Thursday, April 19, 2012

The House of Tyneford: Book Review







I enjoyed reading The House at Tyneford by Natasha Solomons. It was Dowton Abbey meets Upstairs Downstairs.

It took me 100 pages to get into the characters. I still enjoyed reading The House of Tyneford. I loved the characters, and the landscapes, and the description of the setting.  The novel was beautifully written. I usually don't read novel that are romantic genre, and historical taken place in Europe. This is totally out of my comfort zone.  But, I enjoyed it.

Elise Landau and her family are Jewish, and living in Vienna. The parents, Julian and Anna raise the children in a bohemian lifestyle. Julian is a writer, and is very well known for the novels he writes in Vienna. They are wealthy and are very well known in the cultural world in Vienna. They mingle with the rich and famous in Vienna.


Their youngest daughter Elise, is sent to Tyneford to be a maid in England. The rest of the family will leave for the United States.  Elise did not get her visa in time, with the rest of the family.
Instead they find a sponsor to employ her as a servant in Tyneford.

Tyneford is a manor surrounded by the ocean, isolated by everything. The lord of the house Mr. Rivers has many employed by him. He's son Kit is very mischievous. He causes many problems for Elise. But eventually they fall in love, and are engaged.

I enjoyed reading the novel. The House of Tyneford was descriptive, but not overly that it became dull. I enjoyed the characters especially reading about Kit. He was a trip.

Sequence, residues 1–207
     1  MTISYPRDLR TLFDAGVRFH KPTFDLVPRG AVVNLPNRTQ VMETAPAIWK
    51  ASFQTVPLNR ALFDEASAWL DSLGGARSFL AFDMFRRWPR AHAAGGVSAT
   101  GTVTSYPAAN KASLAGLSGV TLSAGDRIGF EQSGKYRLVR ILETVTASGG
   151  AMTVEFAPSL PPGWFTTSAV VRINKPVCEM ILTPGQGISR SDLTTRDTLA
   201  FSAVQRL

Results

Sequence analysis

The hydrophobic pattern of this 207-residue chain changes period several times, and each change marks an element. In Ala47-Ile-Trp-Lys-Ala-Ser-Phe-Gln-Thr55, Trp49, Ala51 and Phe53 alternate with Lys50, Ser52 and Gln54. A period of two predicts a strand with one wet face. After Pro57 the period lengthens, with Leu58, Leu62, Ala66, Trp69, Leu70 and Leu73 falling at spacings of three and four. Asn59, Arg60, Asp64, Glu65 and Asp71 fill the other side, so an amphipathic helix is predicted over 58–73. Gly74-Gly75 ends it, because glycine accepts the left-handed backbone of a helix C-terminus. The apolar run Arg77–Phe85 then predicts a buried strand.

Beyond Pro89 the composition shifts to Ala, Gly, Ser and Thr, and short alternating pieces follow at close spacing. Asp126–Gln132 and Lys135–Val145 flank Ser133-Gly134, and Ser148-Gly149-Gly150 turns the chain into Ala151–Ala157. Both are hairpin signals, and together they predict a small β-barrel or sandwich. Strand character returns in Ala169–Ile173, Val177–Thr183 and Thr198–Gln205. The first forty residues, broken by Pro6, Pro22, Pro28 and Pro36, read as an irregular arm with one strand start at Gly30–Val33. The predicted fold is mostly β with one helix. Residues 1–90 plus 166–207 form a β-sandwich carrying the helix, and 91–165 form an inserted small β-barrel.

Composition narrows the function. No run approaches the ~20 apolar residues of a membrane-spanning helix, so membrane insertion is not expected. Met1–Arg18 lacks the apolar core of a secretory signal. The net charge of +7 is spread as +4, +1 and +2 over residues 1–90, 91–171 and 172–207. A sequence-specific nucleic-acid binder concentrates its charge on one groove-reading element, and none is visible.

Elise referred  to her parents by their first name. I had a problem with this at first until I realized who was Julian and Anna. 

Poor Elise had no one at first to connect to. She was used to the high life of society. When she arrived she was expected to clean the chamber pots and all the things a maid is expected to do. She was so lonely, and could only connect with the rich family. Since she came from that kind of lifestyle.

Interesting though when she becomes engaged to Kit. Mr. Rivers wants her to be separate from everyone else. She is now engaged, she needs to behave like a high society woman.  She doesn't like this, because everyone treats her different, again in isolation from the others.  I thought that was a interesting take. This was the same thing when Lady Diana, had to stop her job as school Marm,  before she became princess. It was not proper to associate herself with the common folk.
There is a part of history at the end of the novel that is true. During the war if you were asked to give up your home for the war effort. You expected to get it back after the war. Unfortunately, in this story it did not happen. They, and the village is still desolate. Their property they never did get it back in the novel. In the back of the book Natasha Solomon writes about what happened to some villages that this happened true. The novel is based on her Great Aunt this happened to. But, unfortunately, her daughter never knew about it.

 I enjoyed reading about the house, the house to me was character. I could see the house, and the beautiful landscapes. I could visualize the ocean spray hitting the rocks below. I could smell the ocean breezes.

If you like, Dowton Abbey, and English high society, and the manors you will enjoy reading The House of Tyneford

2 comments:

Marie said...

I really want to read this one. I enjoyed Natasha Solomon's first book and I think I'd like this one too.

Melissa Mc (Gerbera Daisy Diaries) said...

I think my expectations for this book were set way too high. I was disappointed.

Check out my Review of Small Great Things

Check out my review of Jodi Picoult's novel, Small Great Things https://bagelsbooksandschmooze.blogspot.com/2017/08/small-great-things...